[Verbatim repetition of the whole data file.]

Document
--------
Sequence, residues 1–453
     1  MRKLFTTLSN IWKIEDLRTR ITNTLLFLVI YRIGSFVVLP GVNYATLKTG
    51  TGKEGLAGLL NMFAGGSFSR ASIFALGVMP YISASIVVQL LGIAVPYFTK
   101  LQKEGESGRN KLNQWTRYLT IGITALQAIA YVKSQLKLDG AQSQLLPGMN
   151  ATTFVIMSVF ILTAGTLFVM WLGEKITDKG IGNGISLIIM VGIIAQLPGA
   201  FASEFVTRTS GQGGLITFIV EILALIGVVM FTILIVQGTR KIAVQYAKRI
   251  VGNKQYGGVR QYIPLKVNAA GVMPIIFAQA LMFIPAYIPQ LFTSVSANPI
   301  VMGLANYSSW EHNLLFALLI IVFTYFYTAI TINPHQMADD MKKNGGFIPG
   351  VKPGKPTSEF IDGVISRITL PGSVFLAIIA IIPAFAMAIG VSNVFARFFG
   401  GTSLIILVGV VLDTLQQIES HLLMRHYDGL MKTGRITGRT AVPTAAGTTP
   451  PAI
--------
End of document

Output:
Sequence, residues 1–453
     1  MRKLFTTLSN IWKIEDLRTR ITNTLLFLVI YRIGSFVVLP GVNYATLKTG
    51  TGKEGLAGLL NMFAGGSFSR ASIFALGVMP YISASIVVQL LGIAVPYFTK
   101  LQKEGESGRN KLNQWTRYLT IGITALQAIA YVKSQLKLDG AQSQLLPGMN
   151  ATTFVIMSVF ILTAGTLFVM WLGEKITDKG IGNGISLIIM VGIIAQLPGA
   201  FASEFVTRTS GQGGLITFIV EILALIGVVM FTILIVQGTR KIAVQYAKRI
   251  VGNKQYGGVR QYIPLKVNAA GVMPIIFAQA LMFIPAYIPQ LFTSVSANPI
   301  VMGLANYSSW EHNLLFALLI IVFTYFYTAI TINPHQMADD MKKNGGFIPG
   351  VKPGKPTSEF IDGVISRITL PGSVFLAIIA IIPAFAMAIG VSNVFARFFG
   401  GTSLIILVGV VLDTLQQIES HLLMRHYDGL MKTGRITGRT AVPTAAGTTP
   451  PAI